Anemia is defined as a decrease in the oxygen-carrying capacity of blood. The condition is mainly caused by blood loss, the destruction of red blood cells, or your body’s inability to create enough red blood cells.

There are many types of anemia. The most common type is iron-deficiency anemia.

Red blood cells contain a protein called haemoglobin. Haemoglobin contains iron. Without sufficient iron, your body can’t make the haemoglobin it needs to create enough red blood cells to deliver oxygen-rich blood throughout your body.

A lack of folate and vitamin B-12 may also impact your body’s ability to make red blood cells. If your body can’t process B-12 properly, you may develop pernicious anemia.

A diet rich in iron, protein, and vitamin C like the plan below is important if you have anemia. Be sure to talk to your healthcare provider about supplements as well.

Learn how to prepare recipes at home to fight anemia and be a Chef.

Anemia & Pregnancy

Anemia & Pregnancy

In pregnancy, your body goes through significant changes. The amount of blood (plasma) volume in your body increases by about 40-50 percent (22) which increases the supply of iron and vitamins that the body needs to make hemoglobin. Hemoglobin is the protein in red blood cells that carries oxygen to all the cells in your body.(23)

Many women lack a sufficient amount of iron needed for the second and third trimesters. When your body needs more iron than it has available, you can become anemic. Anemia is defined as a decrease in the oxygen-carrying capacity of blood. (23)

Mild anemia is normal during pregnancy due to an increase in blood volume. More severe anemia, however, can put your baby at higher risk for anemia later in infancy. In addition, if you are significantly anemic during your first two trimesters, you are at greater risk for having a pre-term delivery or low-birth-weight baby. Being anemic also burdens the mother by increasing the risk of blood loss during labor. (23)

Am I at Risk?

  • You are at higher risk for becoming anemic during your pregnancy if you:(23)
  • Have two pregnancies close together?
  • Are pregnant with more than one child
  • Are vomiting frequently due to morning sickness?
  • Do not consume enough iron
  • Have a heavy pre-pregnancy menstrual flow
  • Passage of worms

Many of the symptoms of anemia during pregnancy are also symptoms you may experience even if you are not anemic; these include:

  • Feeling tired or weak
  • Progressive paleness of the skin
  • Rapid heartbeat
  • Shortness of breath
  • Trouble concentrating
  • Passage of worms
  • Dizziness or light headedness

Doctors typically perform several tests to check the number of red blood cells in your blood and the amount of haemoglobin in your blood. These are indicators of whether you are at risk of becoming anemic.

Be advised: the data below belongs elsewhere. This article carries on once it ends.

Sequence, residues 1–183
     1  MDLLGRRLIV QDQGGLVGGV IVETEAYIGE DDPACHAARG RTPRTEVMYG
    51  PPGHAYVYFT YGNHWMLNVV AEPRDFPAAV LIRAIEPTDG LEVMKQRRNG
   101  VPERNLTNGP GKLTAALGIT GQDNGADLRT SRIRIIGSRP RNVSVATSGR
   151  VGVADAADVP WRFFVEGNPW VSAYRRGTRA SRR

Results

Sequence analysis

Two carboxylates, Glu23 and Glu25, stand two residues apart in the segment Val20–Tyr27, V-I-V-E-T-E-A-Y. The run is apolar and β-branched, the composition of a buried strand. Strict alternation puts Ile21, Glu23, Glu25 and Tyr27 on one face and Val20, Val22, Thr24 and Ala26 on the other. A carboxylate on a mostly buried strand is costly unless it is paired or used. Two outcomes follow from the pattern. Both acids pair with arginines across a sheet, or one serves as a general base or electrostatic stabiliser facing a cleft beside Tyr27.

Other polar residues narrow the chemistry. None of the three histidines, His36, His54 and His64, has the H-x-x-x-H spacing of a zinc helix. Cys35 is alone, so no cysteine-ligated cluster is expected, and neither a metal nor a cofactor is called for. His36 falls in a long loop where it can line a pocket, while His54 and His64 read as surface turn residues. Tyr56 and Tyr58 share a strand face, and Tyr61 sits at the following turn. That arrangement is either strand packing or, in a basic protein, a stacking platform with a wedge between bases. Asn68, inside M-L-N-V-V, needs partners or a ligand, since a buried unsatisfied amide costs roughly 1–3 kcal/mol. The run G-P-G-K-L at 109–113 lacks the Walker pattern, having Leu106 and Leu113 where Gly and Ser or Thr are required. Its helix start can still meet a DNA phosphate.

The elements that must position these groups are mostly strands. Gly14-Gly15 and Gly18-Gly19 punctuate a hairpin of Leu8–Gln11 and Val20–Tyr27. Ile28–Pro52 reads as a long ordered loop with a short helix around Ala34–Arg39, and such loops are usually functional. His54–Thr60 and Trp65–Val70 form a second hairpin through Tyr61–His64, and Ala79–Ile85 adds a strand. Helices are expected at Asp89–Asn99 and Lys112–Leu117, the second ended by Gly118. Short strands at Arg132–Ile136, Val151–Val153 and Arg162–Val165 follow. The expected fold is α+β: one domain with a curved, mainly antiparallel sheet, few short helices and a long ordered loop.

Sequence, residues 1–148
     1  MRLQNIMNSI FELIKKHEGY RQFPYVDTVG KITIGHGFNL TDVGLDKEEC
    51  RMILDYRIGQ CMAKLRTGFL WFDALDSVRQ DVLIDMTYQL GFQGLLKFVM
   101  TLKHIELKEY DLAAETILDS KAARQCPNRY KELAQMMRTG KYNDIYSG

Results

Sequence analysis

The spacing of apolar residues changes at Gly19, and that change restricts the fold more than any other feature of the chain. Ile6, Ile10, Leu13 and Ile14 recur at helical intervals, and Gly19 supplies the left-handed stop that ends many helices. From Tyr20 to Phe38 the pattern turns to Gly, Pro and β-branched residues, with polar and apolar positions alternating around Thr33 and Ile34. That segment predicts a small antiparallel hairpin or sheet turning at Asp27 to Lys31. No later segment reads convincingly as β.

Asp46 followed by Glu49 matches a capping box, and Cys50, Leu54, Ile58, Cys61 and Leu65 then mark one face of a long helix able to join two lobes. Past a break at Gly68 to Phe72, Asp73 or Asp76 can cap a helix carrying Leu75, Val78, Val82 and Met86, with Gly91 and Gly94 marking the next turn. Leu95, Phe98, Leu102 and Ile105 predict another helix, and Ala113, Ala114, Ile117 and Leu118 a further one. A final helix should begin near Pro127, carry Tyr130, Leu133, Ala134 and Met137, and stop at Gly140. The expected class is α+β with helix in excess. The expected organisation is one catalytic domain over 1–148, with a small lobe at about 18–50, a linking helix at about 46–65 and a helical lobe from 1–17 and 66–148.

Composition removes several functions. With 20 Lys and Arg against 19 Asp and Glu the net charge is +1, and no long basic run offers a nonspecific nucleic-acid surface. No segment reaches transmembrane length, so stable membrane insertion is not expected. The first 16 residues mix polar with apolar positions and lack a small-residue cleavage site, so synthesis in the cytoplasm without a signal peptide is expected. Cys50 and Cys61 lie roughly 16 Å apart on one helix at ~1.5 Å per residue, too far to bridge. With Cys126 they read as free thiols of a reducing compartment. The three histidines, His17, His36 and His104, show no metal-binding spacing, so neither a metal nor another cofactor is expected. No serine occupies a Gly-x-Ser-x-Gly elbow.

Haemoglobin levels to diagnose anemia (g/dl) (4)

Hemoglobin levels to diagnose anemia (g/dl)

Is Pregnancy-Related Anemia Preventable?

Good nutrition is the best way to prevent anemia if you are pregnant or trying to become pregnant. Eating foods high in iron content (such as dark green leafy vegetables, red meat, fortified cereals, eggs, and peanuts) can help ensure that you maintain the supply of iron your body needs to function properly. Your obstetrician will also prescribe supplements to ensure that you have enough iron and folic acid. Anemia during pregnancy can be treated by oral or injectable irons according to your Hb level.

Ask your doctor

About your risk for anemia and make sure you are tested at your first prenatal visit. You also may want to get tested four to six weeks after delivery.

Are you at risk?

Are you at risk?

Hemoglobin levels to diagnose anemia (g/dl)


Children with poor nutrition who showing signs of eating low nutritive substances like clay, soil or paper is an important sign that they have iron-deficiency anemia.

Iron deficiency anemia can cause growth retardation, impaired cognition & increased susceptibility to infections.


Adolescent girls often experience heavy & prolong periods which increases the risk of anemia.

It can lead to impaired physical & mental development, & poor educational performance.


Pregnancy is a time of increased iron demand as more iron is needed to supply for increasing maternal red blood cells as well as for growing baby.

It negatively affects the health of both mother & baby.
Maternal complications: Excess blood loss during childbirth, premature labor,
Fetal complications: Restricted growth, low birth weight, physical and mental developmental delay.


Many women in their 40’s experience irregular, heavier and prolonged periods. Most often, these bleeding abnormalities are associated with uterine fibroids, hormonal imbalance or certain cancers.

Anemia in such women leads to fatigue, decreased work capacity and increased risk of infections.


Young adult women may suffer from heavy bleeding due intrauterine contraceptive devices.

It can lead to decreased productivity, fatigue, poor physical capacity and work performance